As the verse in that famous song goes-

It’s the most wonderful time of the year
There’ll be much mistletoeing
And hearts will be glowing
When loved ones are near
It’s the most wonderful time of the year.

Chuck and I always made it a priority to be off the two weeks from Christmas to New Year’s.  It was a wonderful time of no schedules, sleeping late, hanging out with the boys and just reconnecting as a family before another full and busy year started.  All of that ended in 2008 when Jamie died.  Christmas time (and the entire month of December) became something to “endure” not to look forward to with anticipation.  The first Christmas after he died was horrible and the following years just as bad.  Family members grieving in their own unique way ended up pushing away the ones that loved them the most.  Christmas became a painful reminder of what was.  A home that was once full of life, love and laughter now empty and silent.

Sometimes, it’s not the most the wonderful time of the year

In his book, “Hope for the Brokenhearted” Dr. Terveen writes “going forward through grief, suffering and loss demands our greatest faith and love.  Jesus marched into battle, full to the brim with love and faith. Thwarting the designs of the Devil to make death the last word on the battlefield of people’s souls, Jesus turns the tables by turning his own suffering and death into the very means of life for a myriad of people who give their lives to him.  In the midst of our own pain, our hurt, and our losses, Jesus still comes to us (sometimes waking us up) with his call to go on, to go forward with him through the battles we must yet face in a world still afflicted by heartbreaking pain.  We do not go on alone.  He has gone this way before us, and now he will go forward with us.”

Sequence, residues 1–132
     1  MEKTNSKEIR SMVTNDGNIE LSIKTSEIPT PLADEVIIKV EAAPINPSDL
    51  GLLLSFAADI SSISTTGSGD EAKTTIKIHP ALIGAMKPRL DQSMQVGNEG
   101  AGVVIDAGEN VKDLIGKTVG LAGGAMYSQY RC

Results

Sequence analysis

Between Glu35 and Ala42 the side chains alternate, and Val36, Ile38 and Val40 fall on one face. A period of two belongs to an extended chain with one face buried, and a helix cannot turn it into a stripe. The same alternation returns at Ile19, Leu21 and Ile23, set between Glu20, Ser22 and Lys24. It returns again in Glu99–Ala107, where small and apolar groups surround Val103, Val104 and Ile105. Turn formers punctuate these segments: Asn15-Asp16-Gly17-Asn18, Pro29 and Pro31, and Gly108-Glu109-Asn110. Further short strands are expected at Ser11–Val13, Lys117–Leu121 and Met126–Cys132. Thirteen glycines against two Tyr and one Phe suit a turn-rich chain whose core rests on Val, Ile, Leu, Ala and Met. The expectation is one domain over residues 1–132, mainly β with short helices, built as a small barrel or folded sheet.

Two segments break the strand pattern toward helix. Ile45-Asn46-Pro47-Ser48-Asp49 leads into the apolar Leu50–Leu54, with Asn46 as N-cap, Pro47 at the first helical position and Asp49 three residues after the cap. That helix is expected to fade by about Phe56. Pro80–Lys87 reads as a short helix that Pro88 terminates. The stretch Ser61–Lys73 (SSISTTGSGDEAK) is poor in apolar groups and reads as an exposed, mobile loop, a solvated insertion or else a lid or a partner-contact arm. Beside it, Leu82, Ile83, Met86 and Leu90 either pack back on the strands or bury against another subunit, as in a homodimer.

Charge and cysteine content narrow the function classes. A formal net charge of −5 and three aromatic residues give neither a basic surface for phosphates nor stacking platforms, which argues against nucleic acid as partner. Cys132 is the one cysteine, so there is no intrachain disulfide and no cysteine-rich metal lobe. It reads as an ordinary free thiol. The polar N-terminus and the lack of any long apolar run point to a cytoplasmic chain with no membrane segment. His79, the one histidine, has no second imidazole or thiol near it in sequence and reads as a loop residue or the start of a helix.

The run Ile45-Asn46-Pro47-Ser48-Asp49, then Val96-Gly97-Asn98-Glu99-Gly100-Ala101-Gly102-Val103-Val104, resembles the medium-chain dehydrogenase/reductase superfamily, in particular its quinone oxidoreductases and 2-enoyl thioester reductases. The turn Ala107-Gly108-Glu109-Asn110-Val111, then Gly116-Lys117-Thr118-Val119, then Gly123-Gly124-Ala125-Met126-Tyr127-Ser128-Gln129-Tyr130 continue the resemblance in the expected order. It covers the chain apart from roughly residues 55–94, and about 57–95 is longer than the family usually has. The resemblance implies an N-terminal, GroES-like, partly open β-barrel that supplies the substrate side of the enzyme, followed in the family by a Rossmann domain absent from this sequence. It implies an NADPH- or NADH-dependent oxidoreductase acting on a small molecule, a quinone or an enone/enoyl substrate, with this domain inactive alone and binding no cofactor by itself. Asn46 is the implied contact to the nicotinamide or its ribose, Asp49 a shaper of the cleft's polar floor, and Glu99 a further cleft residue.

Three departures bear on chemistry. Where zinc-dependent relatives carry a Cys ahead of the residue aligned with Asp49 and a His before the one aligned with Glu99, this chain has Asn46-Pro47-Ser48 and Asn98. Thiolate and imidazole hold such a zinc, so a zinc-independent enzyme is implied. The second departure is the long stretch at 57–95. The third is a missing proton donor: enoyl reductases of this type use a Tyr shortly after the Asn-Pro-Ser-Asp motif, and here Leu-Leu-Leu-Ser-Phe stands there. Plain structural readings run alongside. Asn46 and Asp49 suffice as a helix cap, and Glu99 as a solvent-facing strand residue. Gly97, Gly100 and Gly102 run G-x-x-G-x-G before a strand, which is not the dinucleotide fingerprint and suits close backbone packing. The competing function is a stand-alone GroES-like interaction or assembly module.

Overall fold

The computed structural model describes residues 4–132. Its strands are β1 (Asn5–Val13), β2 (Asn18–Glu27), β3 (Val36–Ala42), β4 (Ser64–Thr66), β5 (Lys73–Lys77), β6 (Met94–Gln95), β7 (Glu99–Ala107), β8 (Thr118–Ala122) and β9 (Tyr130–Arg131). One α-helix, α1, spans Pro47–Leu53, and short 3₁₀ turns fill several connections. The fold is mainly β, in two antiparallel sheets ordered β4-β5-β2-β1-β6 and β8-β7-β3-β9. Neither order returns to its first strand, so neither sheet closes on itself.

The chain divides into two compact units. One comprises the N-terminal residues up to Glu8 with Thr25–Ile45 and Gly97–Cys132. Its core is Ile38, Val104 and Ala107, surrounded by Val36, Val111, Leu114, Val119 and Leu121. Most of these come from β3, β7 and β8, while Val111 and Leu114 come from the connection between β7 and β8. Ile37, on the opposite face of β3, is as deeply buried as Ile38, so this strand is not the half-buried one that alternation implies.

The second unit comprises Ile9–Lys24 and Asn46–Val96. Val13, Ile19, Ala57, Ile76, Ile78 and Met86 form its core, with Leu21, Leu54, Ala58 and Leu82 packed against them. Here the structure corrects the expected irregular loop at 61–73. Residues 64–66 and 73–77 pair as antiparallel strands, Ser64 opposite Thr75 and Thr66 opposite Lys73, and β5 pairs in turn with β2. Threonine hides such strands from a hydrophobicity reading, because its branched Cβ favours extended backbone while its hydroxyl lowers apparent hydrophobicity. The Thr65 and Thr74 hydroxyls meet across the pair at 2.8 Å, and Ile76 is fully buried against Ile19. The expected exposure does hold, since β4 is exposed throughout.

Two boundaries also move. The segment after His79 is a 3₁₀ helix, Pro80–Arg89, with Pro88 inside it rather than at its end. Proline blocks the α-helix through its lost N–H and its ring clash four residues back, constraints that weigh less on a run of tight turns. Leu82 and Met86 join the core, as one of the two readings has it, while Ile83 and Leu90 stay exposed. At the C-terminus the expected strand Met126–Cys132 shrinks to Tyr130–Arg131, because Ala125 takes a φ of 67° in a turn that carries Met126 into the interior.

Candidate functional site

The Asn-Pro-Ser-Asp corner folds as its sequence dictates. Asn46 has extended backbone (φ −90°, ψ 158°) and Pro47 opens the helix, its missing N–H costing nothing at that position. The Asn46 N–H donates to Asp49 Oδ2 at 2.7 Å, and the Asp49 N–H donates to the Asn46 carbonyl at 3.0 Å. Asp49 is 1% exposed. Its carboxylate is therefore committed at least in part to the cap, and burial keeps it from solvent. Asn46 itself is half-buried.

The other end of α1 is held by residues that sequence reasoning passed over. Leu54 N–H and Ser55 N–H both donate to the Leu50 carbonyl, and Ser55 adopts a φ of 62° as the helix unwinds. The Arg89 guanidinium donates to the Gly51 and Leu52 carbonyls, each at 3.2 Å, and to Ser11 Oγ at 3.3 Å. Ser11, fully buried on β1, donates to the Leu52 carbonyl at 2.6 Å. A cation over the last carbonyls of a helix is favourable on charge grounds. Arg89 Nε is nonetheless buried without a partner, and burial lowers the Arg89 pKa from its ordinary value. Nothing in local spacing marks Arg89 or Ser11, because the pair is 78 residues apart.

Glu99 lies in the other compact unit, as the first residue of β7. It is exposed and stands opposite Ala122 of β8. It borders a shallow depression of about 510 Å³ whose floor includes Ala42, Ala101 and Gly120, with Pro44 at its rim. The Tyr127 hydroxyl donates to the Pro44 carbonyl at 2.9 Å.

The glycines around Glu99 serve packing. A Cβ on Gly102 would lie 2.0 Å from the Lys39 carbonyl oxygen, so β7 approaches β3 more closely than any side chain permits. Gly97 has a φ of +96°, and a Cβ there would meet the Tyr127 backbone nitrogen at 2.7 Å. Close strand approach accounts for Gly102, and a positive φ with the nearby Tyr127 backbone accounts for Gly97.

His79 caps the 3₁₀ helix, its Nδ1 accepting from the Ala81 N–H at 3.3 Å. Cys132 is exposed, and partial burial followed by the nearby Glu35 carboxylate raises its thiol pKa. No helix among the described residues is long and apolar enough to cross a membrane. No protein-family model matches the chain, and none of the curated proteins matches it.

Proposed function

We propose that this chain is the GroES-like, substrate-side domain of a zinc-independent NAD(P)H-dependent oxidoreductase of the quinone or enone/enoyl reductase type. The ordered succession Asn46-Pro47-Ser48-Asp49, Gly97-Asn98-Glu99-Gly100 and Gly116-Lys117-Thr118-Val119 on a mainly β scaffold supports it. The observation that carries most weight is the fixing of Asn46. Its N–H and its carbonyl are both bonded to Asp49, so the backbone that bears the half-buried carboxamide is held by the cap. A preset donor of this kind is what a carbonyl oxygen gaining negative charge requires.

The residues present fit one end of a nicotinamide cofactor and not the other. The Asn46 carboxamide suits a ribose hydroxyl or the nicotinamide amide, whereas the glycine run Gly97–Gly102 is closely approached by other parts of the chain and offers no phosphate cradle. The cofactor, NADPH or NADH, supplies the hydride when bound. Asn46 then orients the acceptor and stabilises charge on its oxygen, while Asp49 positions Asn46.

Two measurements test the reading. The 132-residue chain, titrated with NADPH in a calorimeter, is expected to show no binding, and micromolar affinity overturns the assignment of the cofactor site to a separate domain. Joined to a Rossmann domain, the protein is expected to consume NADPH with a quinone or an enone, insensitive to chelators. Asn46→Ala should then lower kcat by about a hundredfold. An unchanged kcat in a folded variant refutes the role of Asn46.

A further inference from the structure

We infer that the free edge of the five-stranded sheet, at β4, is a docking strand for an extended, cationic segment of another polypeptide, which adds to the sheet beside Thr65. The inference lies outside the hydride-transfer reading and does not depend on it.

This year will be our twelfth Christmas since Jamie died.  Christmas is still not the same as it was before. The month of December no longer means a month of celebrating for us. Grieving never ends but it can and should change. Unfortunately, though, sometimes people don’t grieve.  Instead they run from the pain they feel.  They try to bury their pain (and overwhelming emotions) in jobs and substances – hoping that will fill the void. And pushing away from anyone that would remind them of the pain. Which only causes more pain and loss. Grief has left our family a fractured shadow of what was.

There will always be an emptiness, an ache in my heart to hear him, to see him, to have one more conversation with him around the dinner table.  But as I’ve continued to “go forward through my grief” and be honest with Jesus about my pain – I’ve watched over the years how Jesus has brought a lot of healing.  In fact, when our family does get together this year for Christmas, I am quite certain there will laughter, fun and games and lots of life in our home that day.

If you’re facing a holiday season that brings great sadness to your heart, please know you are not alone.  Remember the words of Matthew 5:4 “Blessed are those who mourn, for they will be comforted.”  Your sadness and disappointment are real.  It is okay to bring them to Jesus this Christmas season.  He is the only one who can bring us deep and lasting comfort for life’s sorrows. It is His birth as a babe in a manger, and his death on a cross and resurrection that gives us Hope to endure this life.